Article about Sean Disney, CEO of Adventure
In between trudging himself up the highest mountains in the world, Sean Disney pauses to reflect on his
journey and what it’s like to be one of only seventy people to ever complete the Explorer’s Grand Slam and
the first South African to do it twice. Hours of agonizing training and a taste for persistence leads Sean to
overcome his failures and enable him to climb Everest twice.
Sean speaks of how “being outdoors has always appealed to [him]” and how he enjoys meeting and dealing with different people who he guides up these mountains and who make “everyday different.” Conquering Myself “As long as you are still alive you get to try again.”
By Naeve Human
For Sean, there was no other viable career option to adventure guiding. The seemingly endless opportunities surrounding it – constantly moving, being able to see the world, the diversity of adventure – all seemed to trump “sitting behind a desk” by miles for Disney.
Overcoming these huge physical obstacles isn’t the only difficult part of the job for Sean as he is exposed to all sorts of diverse personalities… some good and some that make his job “very interesting.”
It all began in 1996 when Sean and his team embarked on their first attempt at the Northern side of the highest mountain in the world. However, hopes of conquering the mountain were soon dismantled by a combination of bad conditions and inexperience.
There was always adebt to settle with the mountain. It seems as though the mountain not only left them
walking away with their tails between their legs, but also tickled a discomfort into them
that could not be ignored until it was scratched. Although they returned in 2006 and conquered the South side of the mountain with great triumph… there was always “a debt to settle with the mountain”, at least with the North face. Inevitably, Sean returned to the bottom of the harrowing peak in 2010 prepped with hours of training and an aggressive mindset that allowed him to finish what he had started just
fourteen years before.
Mount Everest has existed as a daunting icon for all explorers for years. Straddling the border between Tibet and Nepal, the mountain stands the highest in the world at about 29 000ft (https://www.thebmc.co.uk/everest-facts-and-figures).
Despite all these exceptional achievements and experience, Sean says that he continues to approach these mountains slowly and with much caution. He goes on to speak about how although he is a qualified mountain guide – he is continuously aware of what can happen in those mountains and expertly prepared so as to limit the risk and injury if something does go wrong…“confidence is key for the mountains, but over-confidence can kill you.”
Continuous with this notion, about 300 people have died on Everest since 1922
(https://www.thebmc.co.uk/everest-facts-and-figures). Climbing this mountain takes about 2 months and essentially costs over R1 million. These facts, however, don’t seem to faze Disney’s family as he goes on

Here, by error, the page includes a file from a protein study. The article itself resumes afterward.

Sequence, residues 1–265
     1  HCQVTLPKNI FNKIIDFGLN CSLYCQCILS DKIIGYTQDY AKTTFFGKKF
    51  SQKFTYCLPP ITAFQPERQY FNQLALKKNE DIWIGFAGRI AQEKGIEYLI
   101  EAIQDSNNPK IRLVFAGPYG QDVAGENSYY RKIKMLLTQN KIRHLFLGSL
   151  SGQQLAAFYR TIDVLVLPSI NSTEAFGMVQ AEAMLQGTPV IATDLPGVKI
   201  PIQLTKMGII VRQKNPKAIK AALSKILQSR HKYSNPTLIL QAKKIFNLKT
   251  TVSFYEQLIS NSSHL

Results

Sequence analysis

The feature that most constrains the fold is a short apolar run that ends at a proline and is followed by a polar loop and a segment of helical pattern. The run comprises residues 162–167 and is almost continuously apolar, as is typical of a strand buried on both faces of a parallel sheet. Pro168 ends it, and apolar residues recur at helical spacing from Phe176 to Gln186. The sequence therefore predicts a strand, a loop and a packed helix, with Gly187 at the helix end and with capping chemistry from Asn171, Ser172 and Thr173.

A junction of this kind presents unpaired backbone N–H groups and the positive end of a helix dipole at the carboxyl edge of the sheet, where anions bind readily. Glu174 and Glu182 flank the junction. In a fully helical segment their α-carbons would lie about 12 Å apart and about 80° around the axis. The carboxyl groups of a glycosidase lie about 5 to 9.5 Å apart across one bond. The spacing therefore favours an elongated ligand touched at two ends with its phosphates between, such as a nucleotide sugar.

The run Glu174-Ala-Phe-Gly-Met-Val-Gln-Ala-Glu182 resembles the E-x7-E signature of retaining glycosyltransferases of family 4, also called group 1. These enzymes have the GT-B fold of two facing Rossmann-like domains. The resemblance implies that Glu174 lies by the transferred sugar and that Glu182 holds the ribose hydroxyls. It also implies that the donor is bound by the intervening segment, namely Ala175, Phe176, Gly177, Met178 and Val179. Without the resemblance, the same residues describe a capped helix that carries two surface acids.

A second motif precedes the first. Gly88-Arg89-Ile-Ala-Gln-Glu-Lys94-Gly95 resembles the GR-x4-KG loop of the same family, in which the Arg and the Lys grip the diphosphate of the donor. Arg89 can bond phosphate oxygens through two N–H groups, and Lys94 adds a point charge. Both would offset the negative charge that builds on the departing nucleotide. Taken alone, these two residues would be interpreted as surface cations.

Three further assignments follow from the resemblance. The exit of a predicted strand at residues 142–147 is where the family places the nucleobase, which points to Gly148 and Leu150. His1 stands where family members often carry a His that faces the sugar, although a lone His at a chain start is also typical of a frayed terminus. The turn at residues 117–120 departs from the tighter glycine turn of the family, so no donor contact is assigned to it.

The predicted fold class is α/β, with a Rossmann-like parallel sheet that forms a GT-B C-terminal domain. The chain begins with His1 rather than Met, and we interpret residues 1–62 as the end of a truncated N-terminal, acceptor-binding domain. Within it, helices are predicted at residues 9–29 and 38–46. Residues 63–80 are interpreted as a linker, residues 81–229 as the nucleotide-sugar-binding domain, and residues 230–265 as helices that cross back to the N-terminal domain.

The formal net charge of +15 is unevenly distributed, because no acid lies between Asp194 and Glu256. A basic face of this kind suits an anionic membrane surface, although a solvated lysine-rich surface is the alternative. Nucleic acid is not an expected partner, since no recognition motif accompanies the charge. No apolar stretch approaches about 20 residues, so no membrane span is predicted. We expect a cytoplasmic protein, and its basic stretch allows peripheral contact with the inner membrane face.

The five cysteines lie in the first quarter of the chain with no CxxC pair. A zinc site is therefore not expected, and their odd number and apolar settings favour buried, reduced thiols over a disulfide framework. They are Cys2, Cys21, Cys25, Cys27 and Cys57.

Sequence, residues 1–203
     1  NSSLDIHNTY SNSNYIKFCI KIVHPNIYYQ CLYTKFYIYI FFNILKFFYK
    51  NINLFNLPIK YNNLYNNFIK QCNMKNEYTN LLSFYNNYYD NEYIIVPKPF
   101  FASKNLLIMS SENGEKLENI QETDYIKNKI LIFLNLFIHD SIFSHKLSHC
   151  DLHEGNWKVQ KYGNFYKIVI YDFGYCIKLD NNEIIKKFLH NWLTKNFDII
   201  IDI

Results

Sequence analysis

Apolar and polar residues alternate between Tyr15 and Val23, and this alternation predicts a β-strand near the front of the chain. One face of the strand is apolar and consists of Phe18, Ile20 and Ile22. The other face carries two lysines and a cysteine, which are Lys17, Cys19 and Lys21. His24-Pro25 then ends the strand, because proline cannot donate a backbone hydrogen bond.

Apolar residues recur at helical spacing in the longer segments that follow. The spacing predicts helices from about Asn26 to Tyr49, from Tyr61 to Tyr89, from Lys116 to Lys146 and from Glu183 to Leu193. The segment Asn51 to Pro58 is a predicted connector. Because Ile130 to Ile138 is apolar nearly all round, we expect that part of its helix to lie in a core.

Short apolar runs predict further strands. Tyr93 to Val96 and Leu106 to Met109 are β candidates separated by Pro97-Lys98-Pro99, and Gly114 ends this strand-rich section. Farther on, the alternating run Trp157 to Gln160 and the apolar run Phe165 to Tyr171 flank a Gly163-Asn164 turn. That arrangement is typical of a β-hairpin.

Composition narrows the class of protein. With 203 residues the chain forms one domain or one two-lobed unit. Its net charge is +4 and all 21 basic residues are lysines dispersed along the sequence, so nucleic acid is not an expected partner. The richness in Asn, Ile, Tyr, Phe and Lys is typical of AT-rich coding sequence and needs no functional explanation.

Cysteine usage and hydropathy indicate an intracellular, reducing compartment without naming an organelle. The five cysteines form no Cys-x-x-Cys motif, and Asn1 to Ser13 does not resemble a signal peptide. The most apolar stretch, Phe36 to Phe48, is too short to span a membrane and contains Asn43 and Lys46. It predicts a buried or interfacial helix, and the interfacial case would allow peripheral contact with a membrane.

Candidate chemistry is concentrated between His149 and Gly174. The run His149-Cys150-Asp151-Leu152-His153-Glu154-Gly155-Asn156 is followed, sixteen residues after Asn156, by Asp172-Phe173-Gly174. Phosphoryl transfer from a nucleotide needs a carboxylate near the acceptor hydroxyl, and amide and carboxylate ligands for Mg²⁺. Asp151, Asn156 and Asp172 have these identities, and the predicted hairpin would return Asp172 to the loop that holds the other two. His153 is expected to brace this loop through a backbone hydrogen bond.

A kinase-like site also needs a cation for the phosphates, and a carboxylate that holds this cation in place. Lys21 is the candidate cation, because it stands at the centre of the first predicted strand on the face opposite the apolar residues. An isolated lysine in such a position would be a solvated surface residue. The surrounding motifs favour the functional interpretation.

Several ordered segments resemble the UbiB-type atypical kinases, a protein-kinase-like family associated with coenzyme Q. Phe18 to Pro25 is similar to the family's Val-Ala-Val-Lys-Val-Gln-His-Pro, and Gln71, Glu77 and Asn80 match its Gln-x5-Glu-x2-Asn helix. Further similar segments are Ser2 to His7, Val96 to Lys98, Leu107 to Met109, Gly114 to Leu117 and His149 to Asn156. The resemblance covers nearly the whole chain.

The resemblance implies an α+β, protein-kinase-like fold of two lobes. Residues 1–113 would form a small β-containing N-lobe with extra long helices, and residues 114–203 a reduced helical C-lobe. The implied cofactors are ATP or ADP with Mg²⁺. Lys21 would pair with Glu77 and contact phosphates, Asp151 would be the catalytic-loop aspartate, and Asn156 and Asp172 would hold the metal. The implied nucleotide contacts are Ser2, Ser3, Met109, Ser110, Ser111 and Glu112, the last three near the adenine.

around 5 to 7 trips a year and can otherwise be found climbing local mountains to help stay fit. “My family is used to it – I stay safe and always phone home… with technology like satellite phones nowadays it is easy to stay in touch and keep in contact.”
The mountain remains only recently conquered, first being ascended by Sir Edmund Hillary and Tenzing Norgay on 29 May 1953. Since then, only about 4000 climbers have successfully summited the mountain – Sean Disney being one of those few.
However, not only has Sean summitted the highest mountain in the world twice –
he has also summited the highest mountain on each continent twice, fulfilling the Explorer’s Grand Slam.
Confidence is key for the mountains, but over- confidence can kill you.
Perfectly displaying the precariousness of these mountains – Sean speaks of a time where he almost lost his life close to the summit of a mountain called Mt Aspiring in New Zealand. He explains how he still has
nightmares about the fall he had that led him to slide 20 metres and stop short of a 2000 metre cliff.
“Good training payed off as I managed to use my ice axe to stop about 1 metre from the edge.”
Mountain climbing isn’t always the [white] pastures it’s made out to be either. Throughout his years of adventuring, the hardest obstacle Sean has overcome so far is failure. “Dealing with failure is a big part of mountaineering” he says, “however you will only hear stories of successful mountaineering expeditions.”
Sean expresses that a lot of the time he has not made it to the top of a mountain and for him learning to deal with that is incredibly difficult. Not only does he enjoy the simplicity of mountain climbing, the way they make his life more goal focused – he continues to say that mountains make you humble. Despite these failures, “as long as you are still alive, you get to try again.” Everyone has limitations and being able to deal with yourself, knowing yourself will help you to go on. Climbing these mountains requires loads of experience and physical training – however they also require a decent amount of mental and emotional work. Mountain climbing encourages people to carveout their identity; “knowingyour body and what it can do and also knowing your mind and who you are helps you to deal with your limitations.”
Once you train your mind to understand itself and its capabilities – anyone can achieve anything. “Everyone has limitations and being able to deal with yourself, knowing yourself will help you to go on.”
Once these physical and mental restraints are overcome, Sean is able to sit back and look at the view. After 2 months of excessive strain and hard work, he indulges in the splendour of his surroundings at the highest peak in the world. “I would describe it as very abstract… you could see all around and the curvature of the
Earth.” Sean reflects on his triumph, “the secret is to get back into the mountains and try again – this is how you beat the failure.”